A table in a recently published paper tells the story of 30 families who have, sometimes after years of searching, finally received an answer about the condition that has plagued one or more family members. The Brigham Genomic Medicine (BGM) program, an integrated, multi-disciplinary clinical and research program, brings together world-class experts from across Brigham and Women's Hospital as well as the entire Harvard-affiliated community to help in the search for these answers, using the power of whole genome sequencing or whole exome sequencing, in combination with other genomic methods, to scour the genome for new genetic culprits. The results of this exhaustive search and analysis can yield not only a diagnosis for a patient or family that has been desperately searching for one but may also offer information that could help guide novel treatment or predict if other family members are at risk. In a recent paper published in Genomic Medicine, the BGM team describes its program, one the team hopes will serve as a model for other academic medical centers or institutions that are endeavoring to solve medical mysteries using genomic sequencing and the power of scientific crowdsourcing.
"Every patient can be an important subject for discovery," said lead and corresponding author Alireza Haghighi, MD, DPhil, a faculty and scientist in the Department of Medicine, Brigham and Women's Hospital, and Harvard Medical School, and the lead clinical molecular geneticist of Brigham Genomic Medicine. "One single patient or family may lead us to know more about the genes and what they do, and maybe ultimately uncover new therapeutic pathways."
Researchers have been working for decades to unravel how genetics contributes to disease. Today, while studies of thousands of people have uncovered many disease associations, the function of much of the genome remains unknown. The BGM program's approach takes advantage of state-of-the-art genomic technologies and access to genomic information from healthy individuals to filter out non-disease-causing genes and mutations and focus in on genetic alterations that might be driving an individual's disease.
"We hope that some of the findings may ultimately inform drug discovery efforts," said Haghighi.
The BGM program has developed new computational analysis pipeline - a workflow that uses computer programming for genomic analysis. "We have developed software, algorithms, and methodology optimized for the effective analysis of genome sequencing data and for the discovery of new disease-causing genes," said Shamil Sunyaev, PhD, distinguished chair in Computational Genomics, a professor of medicine at BWH and a professor of biomedical informatics at Harvard Medical School.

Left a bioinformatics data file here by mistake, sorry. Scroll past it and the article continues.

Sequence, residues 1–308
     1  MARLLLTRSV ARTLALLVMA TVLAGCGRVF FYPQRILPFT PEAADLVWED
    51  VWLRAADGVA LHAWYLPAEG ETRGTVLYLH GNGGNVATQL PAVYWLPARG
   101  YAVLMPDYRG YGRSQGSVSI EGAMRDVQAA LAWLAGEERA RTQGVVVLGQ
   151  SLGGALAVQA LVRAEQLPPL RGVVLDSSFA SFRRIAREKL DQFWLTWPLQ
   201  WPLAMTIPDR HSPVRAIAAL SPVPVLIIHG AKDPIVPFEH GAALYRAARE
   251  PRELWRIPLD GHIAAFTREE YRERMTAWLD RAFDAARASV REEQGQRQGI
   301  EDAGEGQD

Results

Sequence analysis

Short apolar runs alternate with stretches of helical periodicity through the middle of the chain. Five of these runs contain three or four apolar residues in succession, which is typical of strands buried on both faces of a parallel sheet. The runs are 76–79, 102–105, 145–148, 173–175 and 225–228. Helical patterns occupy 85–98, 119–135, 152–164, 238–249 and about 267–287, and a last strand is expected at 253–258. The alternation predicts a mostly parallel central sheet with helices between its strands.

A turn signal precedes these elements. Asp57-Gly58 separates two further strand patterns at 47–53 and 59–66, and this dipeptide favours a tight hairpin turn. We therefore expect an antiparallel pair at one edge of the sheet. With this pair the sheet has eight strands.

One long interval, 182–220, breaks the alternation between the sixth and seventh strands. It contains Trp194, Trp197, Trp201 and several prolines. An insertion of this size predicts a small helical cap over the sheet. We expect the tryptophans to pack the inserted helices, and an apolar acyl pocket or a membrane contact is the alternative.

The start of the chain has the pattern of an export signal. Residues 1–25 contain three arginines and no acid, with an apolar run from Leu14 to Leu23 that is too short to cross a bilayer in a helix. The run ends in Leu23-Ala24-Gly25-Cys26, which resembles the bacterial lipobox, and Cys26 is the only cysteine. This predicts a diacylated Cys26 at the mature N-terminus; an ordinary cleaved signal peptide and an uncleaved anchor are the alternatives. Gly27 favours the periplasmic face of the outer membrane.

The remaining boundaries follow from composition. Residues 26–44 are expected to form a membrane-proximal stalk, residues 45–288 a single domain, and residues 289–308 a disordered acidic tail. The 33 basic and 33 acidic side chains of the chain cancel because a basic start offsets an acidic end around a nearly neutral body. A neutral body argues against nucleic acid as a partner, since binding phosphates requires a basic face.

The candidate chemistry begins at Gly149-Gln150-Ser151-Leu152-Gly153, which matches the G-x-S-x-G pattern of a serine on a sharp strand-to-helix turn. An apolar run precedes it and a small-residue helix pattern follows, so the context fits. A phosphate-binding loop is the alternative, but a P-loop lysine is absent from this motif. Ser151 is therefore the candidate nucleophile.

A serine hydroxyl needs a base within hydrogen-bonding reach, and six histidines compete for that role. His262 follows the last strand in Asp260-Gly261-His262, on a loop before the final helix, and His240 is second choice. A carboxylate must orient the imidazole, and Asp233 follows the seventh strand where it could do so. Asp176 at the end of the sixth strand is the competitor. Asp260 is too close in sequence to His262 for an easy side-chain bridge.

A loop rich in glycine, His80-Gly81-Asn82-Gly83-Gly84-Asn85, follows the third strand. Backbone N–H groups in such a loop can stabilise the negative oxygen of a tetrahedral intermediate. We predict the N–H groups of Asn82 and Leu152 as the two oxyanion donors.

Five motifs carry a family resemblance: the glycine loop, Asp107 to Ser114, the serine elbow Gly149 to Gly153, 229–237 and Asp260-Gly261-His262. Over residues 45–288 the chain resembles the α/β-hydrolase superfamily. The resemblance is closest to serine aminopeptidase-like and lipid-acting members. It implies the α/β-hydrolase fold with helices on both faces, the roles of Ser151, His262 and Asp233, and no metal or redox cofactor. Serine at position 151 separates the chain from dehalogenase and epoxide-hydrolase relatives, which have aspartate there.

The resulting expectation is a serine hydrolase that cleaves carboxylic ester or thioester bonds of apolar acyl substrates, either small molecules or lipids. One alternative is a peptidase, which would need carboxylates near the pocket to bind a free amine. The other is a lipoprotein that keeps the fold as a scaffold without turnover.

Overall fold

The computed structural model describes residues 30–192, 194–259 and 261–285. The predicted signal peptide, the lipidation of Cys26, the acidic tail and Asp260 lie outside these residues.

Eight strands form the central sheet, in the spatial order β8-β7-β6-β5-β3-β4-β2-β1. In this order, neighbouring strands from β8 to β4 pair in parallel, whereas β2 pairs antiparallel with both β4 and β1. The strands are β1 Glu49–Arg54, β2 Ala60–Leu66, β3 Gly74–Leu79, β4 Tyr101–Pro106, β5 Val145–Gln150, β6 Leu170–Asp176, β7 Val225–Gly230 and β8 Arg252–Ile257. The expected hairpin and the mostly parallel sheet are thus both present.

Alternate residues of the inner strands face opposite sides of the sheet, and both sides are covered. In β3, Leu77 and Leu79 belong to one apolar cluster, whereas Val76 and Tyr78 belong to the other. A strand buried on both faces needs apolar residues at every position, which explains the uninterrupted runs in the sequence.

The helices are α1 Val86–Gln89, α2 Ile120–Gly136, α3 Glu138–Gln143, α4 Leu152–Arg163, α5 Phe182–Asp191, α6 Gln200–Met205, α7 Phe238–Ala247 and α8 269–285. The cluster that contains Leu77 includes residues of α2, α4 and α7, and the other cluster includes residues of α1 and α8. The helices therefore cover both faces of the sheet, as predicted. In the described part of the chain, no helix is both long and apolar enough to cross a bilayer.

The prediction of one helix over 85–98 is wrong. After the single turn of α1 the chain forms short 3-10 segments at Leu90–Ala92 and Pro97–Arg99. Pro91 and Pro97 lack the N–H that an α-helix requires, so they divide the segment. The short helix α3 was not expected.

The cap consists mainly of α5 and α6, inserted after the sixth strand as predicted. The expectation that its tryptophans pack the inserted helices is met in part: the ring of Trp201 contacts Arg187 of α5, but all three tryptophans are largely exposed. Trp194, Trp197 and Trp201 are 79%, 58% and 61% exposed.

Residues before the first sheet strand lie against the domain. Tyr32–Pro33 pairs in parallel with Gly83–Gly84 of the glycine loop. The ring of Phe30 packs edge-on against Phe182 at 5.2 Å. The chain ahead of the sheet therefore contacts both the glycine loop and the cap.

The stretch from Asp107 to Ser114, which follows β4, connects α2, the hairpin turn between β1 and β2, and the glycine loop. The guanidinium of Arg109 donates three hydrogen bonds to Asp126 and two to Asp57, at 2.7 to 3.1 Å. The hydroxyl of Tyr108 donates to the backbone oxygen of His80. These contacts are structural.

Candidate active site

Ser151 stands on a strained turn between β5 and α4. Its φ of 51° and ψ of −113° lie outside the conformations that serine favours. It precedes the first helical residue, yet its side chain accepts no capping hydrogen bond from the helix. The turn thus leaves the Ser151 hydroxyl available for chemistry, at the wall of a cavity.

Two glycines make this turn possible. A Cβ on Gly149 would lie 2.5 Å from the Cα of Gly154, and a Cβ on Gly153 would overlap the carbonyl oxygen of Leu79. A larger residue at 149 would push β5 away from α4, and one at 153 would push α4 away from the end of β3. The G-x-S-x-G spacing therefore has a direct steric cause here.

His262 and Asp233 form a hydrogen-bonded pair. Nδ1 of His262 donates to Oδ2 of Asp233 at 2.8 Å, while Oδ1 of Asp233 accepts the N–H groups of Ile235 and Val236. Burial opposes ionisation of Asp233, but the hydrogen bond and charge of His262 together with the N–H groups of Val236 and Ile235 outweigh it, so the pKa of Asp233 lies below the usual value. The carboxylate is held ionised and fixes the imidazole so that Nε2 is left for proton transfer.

The team also uses a crowdsourcing strategy. "While one analyst is responsible for each case, an interdisciplinary team that includes clinical experts from many different fields analyzes the data independently and interactively and discusses the findings. Our approach provides an opportunity for faculty across the Harvard community to look at both the genetic data and clinical information and contribute insights on these cases to help find a cause," said Joel Krier, MD, clinical chief, and a faculty scientist in the Division of Genetics, Brigham and Women's Hospital and Harvard Medical School.
Added Haghighi, "This approach reduces cost and time. Cases like these can be very expensive to solve when patients must go from one expert to another in search of answers, undergoing many different diagnostic procedures. We think that crowdsourcing provides an important opportunity to help these patients and the health care system."
So far, the program has successfully identified culprit genes for 30 families. Patients are referred to it by their physician after their doctor has tested for known genetic causes of disease and been unable to find a cause. "After the BGM team performs genomic sequencing, analysis and crowdsourcing, we share their findings back with the patient's physician and strategize together about a new or improved clinical management plan for the patient," said Krier.
In some cases, findings can yield answers for an entire family. As reported in a paper published by the BGM team in The Proceedings of the National Academy of Sciences, one family has received critical information about the cause of a rare aortic disease, with implications for diagnostics and treatment going forward.
"Family members carrying the disease-causing mutation are now being monitored for aortic dilatation, which represents a significant therapeutic benefit to the family, enabling earlier interventions," said Krier. Haghighi and colleagues hope that the findings from this family and others will lead to insights for therapeutic targets for the development of new treatments.
A distinctive feature of BGM is its focus on undiagnosed cases that are refractory to standard diagnostic approaches. In addition, the program provides an integrated and continuous pathway from case ascertainment to treatment. "While there are research programs that look for gene-disease associations, taking this approach in the practice of genomic medicine represents a new model," said Richard Maas, MD, PhD, chief of the Division of Genetics at Brigham and Women's Hospital, and a professor of medicine at Harvard Medical School. "By performing genome sequencing for gene discovery in a clinical setting with clinicians, we hope to improve individual treatment plans or therapeutics. Our model can be readily adapted by other academic medical centers around the world."